In Lieu of Surrender by Bill Russell

In Lieu of Surrender by Bill Russell
Toby Grant Detective Book 1
Publisher: Class Act Books
Genre: Historical, Suspense/Mystery
Length: Full Length (288 Pages)
Rating: 4 Stars
Reviewed by Cyclamen

Roy Gallant, a pillar of 1949, Santa Marcia society has a major problem. Trouble is, he doesn’t know it yet. Up until now, he has been able to dabble in his hobbies and shady dealings unfettered by anything as prosaic as the law. However, something happened that is going to change all that, something incidental, a nuisance really and not at all his fault. Oh, sure, it was he who ordered the woman’s kidnapping but that was only to bring a new chief of police into line. When he got the man’s cooperation, he would order the wife’s release and that should be an end to it. Too bad she turns up dead. Someone killed her and that invited the attentions of a private investigator from Los Angeles, named Toby Grant. It seems, the police chief is his best friend and an old war buddy. Maybe things might have worked out but then Roy made a real bo bo, he ordered the police chief’s ‘suicide’ after framing him for his wife’s murder. Talk about pulling the tiger’s tail. From that moment on, Toby Grant was hot on his trail. Roy Gallant was about unearth his worst nightmare and rue the discovery.

Toby Grant, a private investigator, receives an early morning phone call from his best friend, Justin Franks, asking for help. Justin’s wife has just been murdered and Justin, the Chief of Police in Santa Marcia, a small city on the California coast, is certain that he will be arrested for her murder. Something rotten is definitely going on in Santa Marcia. Toby immediately heads out to help his friend, and he quickly learns that the small city is being ruined by Roy Gallánt, a supposed pillar of 1949 Santa Marcia society. Gallánt has most of the community under his thumb, including the police, so Toby has his work cut out for him.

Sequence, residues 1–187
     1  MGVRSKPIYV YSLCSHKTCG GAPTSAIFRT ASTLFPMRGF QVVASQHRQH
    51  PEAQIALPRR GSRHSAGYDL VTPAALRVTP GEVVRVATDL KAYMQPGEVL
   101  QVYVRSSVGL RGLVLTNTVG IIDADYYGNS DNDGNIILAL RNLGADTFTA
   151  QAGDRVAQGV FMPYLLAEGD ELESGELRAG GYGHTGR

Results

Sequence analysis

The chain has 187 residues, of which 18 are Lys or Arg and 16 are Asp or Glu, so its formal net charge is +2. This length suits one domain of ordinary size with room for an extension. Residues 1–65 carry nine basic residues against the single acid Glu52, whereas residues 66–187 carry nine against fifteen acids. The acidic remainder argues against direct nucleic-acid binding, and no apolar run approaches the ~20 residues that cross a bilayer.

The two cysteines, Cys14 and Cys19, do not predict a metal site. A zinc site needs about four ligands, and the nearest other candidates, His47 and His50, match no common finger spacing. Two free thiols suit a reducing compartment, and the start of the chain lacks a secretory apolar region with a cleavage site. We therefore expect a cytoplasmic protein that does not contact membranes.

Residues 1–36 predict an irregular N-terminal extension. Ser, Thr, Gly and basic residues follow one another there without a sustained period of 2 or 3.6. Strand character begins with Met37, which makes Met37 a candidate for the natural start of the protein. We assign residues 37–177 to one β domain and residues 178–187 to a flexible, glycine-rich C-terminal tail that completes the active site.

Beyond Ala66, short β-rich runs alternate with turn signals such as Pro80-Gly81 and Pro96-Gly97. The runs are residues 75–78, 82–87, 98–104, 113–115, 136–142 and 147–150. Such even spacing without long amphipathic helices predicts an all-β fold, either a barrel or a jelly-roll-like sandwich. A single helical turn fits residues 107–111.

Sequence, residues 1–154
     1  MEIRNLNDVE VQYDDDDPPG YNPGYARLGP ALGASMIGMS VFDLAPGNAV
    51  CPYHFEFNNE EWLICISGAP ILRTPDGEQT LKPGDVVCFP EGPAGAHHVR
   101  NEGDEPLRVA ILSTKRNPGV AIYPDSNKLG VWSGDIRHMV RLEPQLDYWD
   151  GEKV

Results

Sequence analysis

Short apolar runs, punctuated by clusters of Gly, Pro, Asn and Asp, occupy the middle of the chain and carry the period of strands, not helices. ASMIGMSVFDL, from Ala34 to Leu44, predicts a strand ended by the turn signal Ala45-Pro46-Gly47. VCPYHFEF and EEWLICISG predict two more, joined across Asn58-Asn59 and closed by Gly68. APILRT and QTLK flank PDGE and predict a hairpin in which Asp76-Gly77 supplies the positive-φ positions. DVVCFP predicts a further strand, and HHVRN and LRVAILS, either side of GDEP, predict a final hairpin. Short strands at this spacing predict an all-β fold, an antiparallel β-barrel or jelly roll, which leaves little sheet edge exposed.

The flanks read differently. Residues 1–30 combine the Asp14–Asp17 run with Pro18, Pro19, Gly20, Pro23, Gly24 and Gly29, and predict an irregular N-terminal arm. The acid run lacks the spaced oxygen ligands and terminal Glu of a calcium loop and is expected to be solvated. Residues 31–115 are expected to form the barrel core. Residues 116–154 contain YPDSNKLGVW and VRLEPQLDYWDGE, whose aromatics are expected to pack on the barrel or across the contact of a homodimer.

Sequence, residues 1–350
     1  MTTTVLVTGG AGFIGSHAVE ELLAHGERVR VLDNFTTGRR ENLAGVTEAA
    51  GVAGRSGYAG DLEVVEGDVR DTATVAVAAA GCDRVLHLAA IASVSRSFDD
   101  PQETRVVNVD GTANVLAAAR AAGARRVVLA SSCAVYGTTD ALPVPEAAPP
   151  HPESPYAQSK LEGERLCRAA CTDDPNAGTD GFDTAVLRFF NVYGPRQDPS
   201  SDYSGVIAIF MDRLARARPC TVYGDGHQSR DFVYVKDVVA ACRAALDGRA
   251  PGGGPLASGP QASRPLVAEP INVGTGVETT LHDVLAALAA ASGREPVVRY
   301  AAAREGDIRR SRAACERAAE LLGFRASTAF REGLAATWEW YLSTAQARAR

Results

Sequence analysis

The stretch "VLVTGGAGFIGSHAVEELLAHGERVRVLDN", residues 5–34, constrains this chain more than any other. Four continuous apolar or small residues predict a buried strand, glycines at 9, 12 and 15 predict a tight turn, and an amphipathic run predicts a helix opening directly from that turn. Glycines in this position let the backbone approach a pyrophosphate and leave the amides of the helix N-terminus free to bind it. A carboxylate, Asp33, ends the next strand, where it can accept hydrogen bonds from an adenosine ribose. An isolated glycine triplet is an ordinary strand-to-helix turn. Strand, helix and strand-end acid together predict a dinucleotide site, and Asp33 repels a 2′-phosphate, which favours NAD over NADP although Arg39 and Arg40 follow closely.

This is a fast-paced historical crime novel with an engaging detective. There is no mystery about who the villain is, but there is a great deal of suspense involved in bringing the villain to justice. Toby has to fight crooked cops and brutal body guards. His only ally is Ruth Callahan, who runs the local newspaper. I really liked Ruth, a very savvy reporter who is eager to help Toby. Between them, they uncover a lot of clues, but they lack evidence which will nail any but the small fry.

The setting for the story feels authentic, and it has obviously been well-researched. I really felt as if I were back in the immediate post-WWII era, and the information about the Americans of Japanese descent who were interred during the war is handled well.

As the case progresses, there is a lot of re-hashing of the information that has been gathered. This does allow Toby and Ruth to process the information and come up with more ideas about how to proceed, but I could have done with a bit less of the going over of information.

The action never lets up. Toby has to work hard to stay ahead of the bad guys, switching cars, moving several times, and so forth. Several times is looks as if there is no way out for Toby so I was kept on the edge of my seat. I found it hard to put the book down, so I ended up reading it in one sitting.

Readers of historical crime fiction are sure to enjoy helping Toby match wits with the villains and I certainly plan to read more in this series.

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